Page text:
On this last day of 2013, here is a quick look back at my top posts of the year, listed in order of popularity. If you like these, don’t forget to check out my work at other publications, such as The Atlantic and Movie Mezzanine. Thank you for reading this year and for making Reel Change a success.
5. Why the Homoeroticism in “Top Gun” Matters
In February, I went to see Top Gun in the theater as part of its re-release in 3D. My little secret was that I had never seen it before – ever. I had heard about the homoerotic undertones but was thoroughly unprepared for how deep they run in the movie’s plot, themes, and purpose:
I had heard about the volleyball scene, in which Maverick and three of his colleagues flex, hug, and pat each other on the butt while playing shirtless in the California sun. I had heard about the intense erotic stares between Maverick and Iceman (Val Kilmer). Nobody ever mentioned the exclamation – “I want butts!” – by Maverick’s superior, irate after an unauthorized fly-by caused him to spill coffee on himself. And I was particularly startled by an early scene in which Maverick and his flyboys are watching a video of planes being shot down, when one student whispers to his friend that it “gives [him] a hard-on.” His friend’s reply was impossible to misinterpret: “Don’t tease me.”
4. How to Watch “The Lone Ranger”
In advance of this summer’s The Lone Ranger and its revisionist depiction of Native Americans, I wrote up a condensed history of the Western and its evolving relationship to the Native American community:
These days, film historians agree that the depiction of Native Americans in westerns can be seen as a reflection of each era’s perspective towards a different oppressed minority, black Americans. Filmmakers were forced to use the Native American as a stand-in because of the Production Code’s strict prohibition on discussion of racial issues in movies. So while classical westerns like Red River (1946) and My Darling Clementine (1948) depicted Native Americans as murderous savages who posed an existential and physical threat to the advancement of Western civilization, this type of portrayal would become obsolete by the beginning of the Civil Rights Era. The Man from Laramie(1955), a classic Jimmy Stewart western, hinged on the killing of a white man by Indians, but the real villains were the white landowners who sold them the rifles.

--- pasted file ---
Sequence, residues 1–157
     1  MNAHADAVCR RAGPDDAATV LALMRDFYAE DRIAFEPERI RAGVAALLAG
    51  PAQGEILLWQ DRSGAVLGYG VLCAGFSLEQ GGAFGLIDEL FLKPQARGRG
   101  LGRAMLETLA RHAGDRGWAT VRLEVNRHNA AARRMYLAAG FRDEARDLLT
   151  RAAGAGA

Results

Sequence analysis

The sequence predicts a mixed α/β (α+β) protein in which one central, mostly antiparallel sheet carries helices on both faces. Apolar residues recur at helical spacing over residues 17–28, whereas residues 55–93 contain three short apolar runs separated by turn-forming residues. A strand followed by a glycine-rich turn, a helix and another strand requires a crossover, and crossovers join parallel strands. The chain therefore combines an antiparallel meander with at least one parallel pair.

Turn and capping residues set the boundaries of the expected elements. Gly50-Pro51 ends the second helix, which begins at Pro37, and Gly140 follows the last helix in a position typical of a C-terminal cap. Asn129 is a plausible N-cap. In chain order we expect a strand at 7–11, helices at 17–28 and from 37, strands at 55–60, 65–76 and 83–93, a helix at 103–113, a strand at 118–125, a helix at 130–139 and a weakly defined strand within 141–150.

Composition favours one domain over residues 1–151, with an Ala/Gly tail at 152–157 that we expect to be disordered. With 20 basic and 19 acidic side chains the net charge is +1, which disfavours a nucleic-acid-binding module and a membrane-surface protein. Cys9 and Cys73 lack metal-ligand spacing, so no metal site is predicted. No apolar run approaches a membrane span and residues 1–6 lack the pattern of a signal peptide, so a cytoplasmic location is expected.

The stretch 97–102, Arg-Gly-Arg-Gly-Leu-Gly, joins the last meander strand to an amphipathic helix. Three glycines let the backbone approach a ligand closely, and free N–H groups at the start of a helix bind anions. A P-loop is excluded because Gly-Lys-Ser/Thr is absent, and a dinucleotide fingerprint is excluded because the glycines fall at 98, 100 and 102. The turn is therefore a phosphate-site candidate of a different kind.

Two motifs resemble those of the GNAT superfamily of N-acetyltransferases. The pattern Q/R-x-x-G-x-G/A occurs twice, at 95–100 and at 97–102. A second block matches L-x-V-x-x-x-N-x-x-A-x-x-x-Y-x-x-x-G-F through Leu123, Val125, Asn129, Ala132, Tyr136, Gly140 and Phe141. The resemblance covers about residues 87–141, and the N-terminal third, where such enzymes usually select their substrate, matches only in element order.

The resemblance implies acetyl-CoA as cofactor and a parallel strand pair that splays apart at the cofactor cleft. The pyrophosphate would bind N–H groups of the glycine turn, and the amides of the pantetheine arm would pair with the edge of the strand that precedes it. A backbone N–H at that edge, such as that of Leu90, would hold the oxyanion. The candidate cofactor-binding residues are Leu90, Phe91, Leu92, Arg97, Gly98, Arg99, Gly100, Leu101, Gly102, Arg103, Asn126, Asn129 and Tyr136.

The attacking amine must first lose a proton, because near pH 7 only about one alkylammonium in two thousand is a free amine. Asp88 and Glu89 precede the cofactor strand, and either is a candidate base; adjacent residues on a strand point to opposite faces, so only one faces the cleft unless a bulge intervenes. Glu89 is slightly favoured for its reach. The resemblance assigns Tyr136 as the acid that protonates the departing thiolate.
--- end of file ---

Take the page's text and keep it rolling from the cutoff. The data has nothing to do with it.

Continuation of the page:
3. Why No Actress in Her Right Mind Would Play Hillary Clinton
In the spring, it was announced that director James Ponsoldt (The Spectacular Now) would be adapting Rodham, a screenplay about the early life of Hillary Clinton into a movie. Several top actresses were floated to take the starring role, but they all eventually turned it down. As of now, the producers have still not found their HIllary. In this post, I speculate as to why:
[I]f the film incurs Hillary’s wrath, then so will the actress chosen to depict her. Is a good role worth pissing off the next leader of the free world? Maybe it is for an unknown, but definitely not for an already-successful actress. I wouldn’t suggest that President Hillary would ever launch some kind of vengeful campaign of terror against whomever decides to take the role, but why take the chance? Do you really want a Clinton mad at you?
2. “Superman vs. Batman” Requires Decimated City, Calls Detroit
Everyone remembers the destruction that Superman and General Zod inflicted upon Metropolis at the end of this summer’s Man of Steel. Now that the sequel is in pre-production, where will director Zack Snyder and his team find a city that can replicate such urban destruction? Snyder chose the city most impacted by the 2008 financial collapse:
[I]f Snyder is looking to Detroit to place the role of a decimated Metropolis, then maybe he plans to address the fictional city’s destruction in a more meaningful way. It is clear that the city won’t be rebuilt in this new film and that the mass destruction in Man of Steel will play at least some role in the sequel. If it were otherwise, they wouldn’t use Detroit. Kudos to Snyder for lingering on that destruction and addressing the affects of it, instead of brushing it under the rug and continuing our mass desensitization to human suffering.
1. “The Newsroom”: Season 2, Episode 2
This blog post, which had over 400,000 views over the course of a couple days, dared to ask the question that was on everyone’s mind: Is Maggie Jordan the stupidest character in the history of television?
Forget about the way she has so badly mismanaged her love life. People do that in her twenties. Forget about the way she confused Georgia (the state) with Georgia (the country) last season; happens to the best of us. But I will always remember this episode because it is the one in which Maggie actually speaks these ridiculous words, “Can you think of anything about Africa that is relevant to Americans?”